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So, how will the LibDems do?

November 4th, 2019

A forecast from Robert

Let me start by saying this is not an election I have much confidence in predicting. But because that makes for an uninteresting article, I will make some forecasts.

Currently the LDs are polling about 16-17%, which is about five points down on the peak they achieved after the European elections earlier this year. I think there’s around a 40% chance that they end up in the 14-19% range at the coming elections. I reckon there’s a 25% chance they’re in the 10-13% band, and a 25% chance they’re between 19% and 23%. With a 10% possibility they either end up below the 10% or above the 23%.

This post is about the central prediction, the 14-19% one.

Let me add some other (maybe wrong, maybe right) assumptions.

Firstly, UNS still matters.

Secondly, the LDs will do better in Remainia.

Thirdly, local strength is important. The LDs need to have done well in local elections, and ideally have a base of activists to deliver leaflets and knock on doors.

Fourthly, there are more Labour to LibDem switchers than Conservative to LibDem ones. This means that the LDs will do better in seats where there is a Labour vote to squeeze.

In this scenario I think the LDs will win… all of their existing twelve seats. Norfolk North will be close, I’m sure, but I think they’ll hold it. I also think the SNP will fail to unseat Jo Swinson, or any other LibDem.

They will also make the following gains:

Richmond Park. The walk it on UNS. It’s extremely Pro-Remain. They performed very well there in the 2018 locals. The Labour vote is not yet as squeezed as it was in the late 90s. On my central prediction, I think it’s a 90+% chance of a gain.

Ceridigion. PC is a bit of a mess. There are a lot of Remainiac students. I’m not as confident as with RP, but I think they take it. 70% chance.

St Ives. The LDs ran the Conservatives close there in 2017, but it is in the fairly Brexity South West (albeit not a particularly Brexity part of the region). UNS suggests an easy take. I think it’ll be harder, but they’ll make it. 70% chance.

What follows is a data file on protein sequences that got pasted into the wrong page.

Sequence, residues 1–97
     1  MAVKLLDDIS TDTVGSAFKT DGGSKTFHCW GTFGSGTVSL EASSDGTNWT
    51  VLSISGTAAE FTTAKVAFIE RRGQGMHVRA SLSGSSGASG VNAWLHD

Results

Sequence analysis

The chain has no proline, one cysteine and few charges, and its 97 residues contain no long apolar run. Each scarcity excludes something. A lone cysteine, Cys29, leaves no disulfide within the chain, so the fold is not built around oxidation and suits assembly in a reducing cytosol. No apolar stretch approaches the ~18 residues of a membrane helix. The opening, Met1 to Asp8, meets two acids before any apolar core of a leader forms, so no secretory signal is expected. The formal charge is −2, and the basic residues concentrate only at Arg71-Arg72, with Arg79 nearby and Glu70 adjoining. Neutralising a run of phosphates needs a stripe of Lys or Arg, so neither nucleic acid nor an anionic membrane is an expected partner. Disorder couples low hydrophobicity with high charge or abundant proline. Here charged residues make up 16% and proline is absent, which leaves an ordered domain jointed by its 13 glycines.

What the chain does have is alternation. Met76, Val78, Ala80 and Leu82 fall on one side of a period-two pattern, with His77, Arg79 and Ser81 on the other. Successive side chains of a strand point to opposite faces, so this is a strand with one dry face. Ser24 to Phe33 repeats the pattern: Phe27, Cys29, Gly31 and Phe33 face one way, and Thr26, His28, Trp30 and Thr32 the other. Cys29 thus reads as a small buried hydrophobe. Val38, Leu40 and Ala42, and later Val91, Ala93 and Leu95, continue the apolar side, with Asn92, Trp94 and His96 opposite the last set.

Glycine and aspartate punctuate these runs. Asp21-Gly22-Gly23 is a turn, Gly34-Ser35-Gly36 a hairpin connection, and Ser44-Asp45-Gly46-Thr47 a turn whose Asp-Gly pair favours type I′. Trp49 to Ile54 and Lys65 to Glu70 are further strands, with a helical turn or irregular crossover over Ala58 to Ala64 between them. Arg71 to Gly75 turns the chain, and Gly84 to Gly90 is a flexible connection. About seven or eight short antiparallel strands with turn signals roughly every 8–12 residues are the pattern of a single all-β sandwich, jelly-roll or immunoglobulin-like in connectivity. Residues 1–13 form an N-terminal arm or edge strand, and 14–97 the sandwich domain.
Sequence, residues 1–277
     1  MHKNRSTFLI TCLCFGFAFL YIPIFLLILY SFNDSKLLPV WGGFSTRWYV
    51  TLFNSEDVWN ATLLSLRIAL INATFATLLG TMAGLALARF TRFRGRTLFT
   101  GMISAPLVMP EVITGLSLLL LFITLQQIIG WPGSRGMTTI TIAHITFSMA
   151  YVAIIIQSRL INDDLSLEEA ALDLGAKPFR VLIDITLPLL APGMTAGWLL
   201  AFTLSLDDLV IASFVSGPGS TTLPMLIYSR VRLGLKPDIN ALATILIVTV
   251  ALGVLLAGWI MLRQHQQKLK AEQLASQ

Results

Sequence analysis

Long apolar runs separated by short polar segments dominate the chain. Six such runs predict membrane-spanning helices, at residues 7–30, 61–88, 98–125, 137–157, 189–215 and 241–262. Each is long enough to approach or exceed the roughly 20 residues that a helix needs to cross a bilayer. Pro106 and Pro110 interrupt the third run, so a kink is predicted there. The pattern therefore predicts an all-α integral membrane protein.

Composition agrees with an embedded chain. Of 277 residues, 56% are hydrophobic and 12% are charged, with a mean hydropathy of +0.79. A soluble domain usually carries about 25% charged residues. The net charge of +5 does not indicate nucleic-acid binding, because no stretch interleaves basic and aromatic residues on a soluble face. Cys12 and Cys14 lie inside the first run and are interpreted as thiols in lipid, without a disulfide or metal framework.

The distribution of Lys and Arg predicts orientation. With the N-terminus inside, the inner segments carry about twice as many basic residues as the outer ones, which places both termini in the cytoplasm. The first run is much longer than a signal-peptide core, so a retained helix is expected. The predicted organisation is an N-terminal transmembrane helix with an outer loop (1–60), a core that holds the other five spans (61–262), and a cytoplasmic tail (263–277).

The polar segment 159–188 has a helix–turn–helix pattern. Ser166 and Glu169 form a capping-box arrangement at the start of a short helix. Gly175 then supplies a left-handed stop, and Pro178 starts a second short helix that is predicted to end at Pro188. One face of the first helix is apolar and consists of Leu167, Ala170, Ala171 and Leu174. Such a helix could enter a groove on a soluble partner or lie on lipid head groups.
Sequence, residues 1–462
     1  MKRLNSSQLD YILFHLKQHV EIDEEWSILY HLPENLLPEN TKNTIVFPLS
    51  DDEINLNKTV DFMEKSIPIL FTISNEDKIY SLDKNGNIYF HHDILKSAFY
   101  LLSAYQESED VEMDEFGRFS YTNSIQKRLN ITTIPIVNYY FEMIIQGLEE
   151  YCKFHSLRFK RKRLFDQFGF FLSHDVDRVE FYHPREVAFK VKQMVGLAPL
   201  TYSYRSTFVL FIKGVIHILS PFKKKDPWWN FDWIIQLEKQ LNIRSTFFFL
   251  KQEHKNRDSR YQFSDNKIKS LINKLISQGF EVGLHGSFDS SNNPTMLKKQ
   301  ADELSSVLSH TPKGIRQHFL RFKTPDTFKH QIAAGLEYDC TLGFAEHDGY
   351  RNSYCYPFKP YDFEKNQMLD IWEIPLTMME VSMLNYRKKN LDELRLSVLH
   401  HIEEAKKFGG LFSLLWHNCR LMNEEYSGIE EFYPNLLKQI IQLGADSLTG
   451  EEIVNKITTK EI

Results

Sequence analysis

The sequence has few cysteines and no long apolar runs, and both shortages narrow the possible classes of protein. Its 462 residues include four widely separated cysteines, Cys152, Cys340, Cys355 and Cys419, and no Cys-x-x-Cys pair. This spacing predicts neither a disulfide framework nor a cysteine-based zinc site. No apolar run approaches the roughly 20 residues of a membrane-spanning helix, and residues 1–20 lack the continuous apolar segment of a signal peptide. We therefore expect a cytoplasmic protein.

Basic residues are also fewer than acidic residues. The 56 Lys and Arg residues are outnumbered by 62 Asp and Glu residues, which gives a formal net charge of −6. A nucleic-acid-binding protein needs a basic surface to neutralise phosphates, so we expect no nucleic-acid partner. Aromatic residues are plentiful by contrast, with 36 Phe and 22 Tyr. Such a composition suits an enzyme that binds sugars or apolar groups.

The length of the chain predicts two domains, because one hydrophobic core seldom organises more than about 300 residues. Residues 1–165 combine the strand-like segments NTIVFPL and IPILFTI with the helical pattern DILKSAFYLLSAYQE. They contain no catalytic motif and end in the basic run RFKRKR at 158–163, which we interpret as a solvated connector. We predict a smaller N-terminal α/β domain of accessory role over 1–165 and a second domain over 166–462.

St Albans. UNS says yes. Remainia says yes. Local election results say yes. Big Labour vote to squeeze. I think they’ll get a majority of 5-6,000 here.

Fife NE. The SNP is doing well in Scotland. But it’s full of (not Scottish) students and the SNP is only going to get 33-36% of the vote here. I reckon the LDs squeeze Labour and take it by a few thousand votes.

Sheffield Hallam. I think the locals may have had their fill of Labour MPs for the moment. By no means a certain gain for the LDs, but (a) it’s a 65% Remain seat, and (b) the LDs have done well in local elections.

Hornsey & Wood Green. This is theoretically a bit of a stretch for the LDs. But it’s another very Remain seat where the LDs have performed well in local elections.

Leeds North West. UNS? Check. Remainia? Check. Local election results? Check. Labour to LibDem switchers? Check. My only reservation here is that Greg Mulholland is not restanding. Still, I think they take it back.

South Cambridgeshire. OK. So this is a bit of a gutsy one, because it fails on UNS (by a fair margin). But I think this is a seat that has dramatically changed in the last decade. It’s become a home for Cambridge tech company employees, and it’s got two Cambridge colleges in it. It’s also Remainiac and the LDs marmalised the Conservatives there in the 2018 (i.e pre their surge) local elections. I think the LDs take it from third with a high 30s vote share.

There are other possible gains – Cheadle, Hazel Grove, Wells, Winchester, Lewes – but I think the LDs will fall short on most of these. (And any gains there might be offset by not winning some of those predicted above.) Despite UNS, I think they’ll really struggle in the South West, because (a) the seats are quite Brexity (and Bollocks to Brexit doesn’t work as a slogan there), and (b) in most seats, there’s not that much of a Labour vote to squeeze.

I also don’t think they’ll do quite as well in inner London as they expect. Neither Chuka nor Luciana are likely to be MPs post-election.

Still, the LDs will manage to increase their MP count by about 70%. And they’ll also notch up an increasing number of second places. Their post coalition recovery will continue, albeit not at the pace they might have liked.

Robert Smithson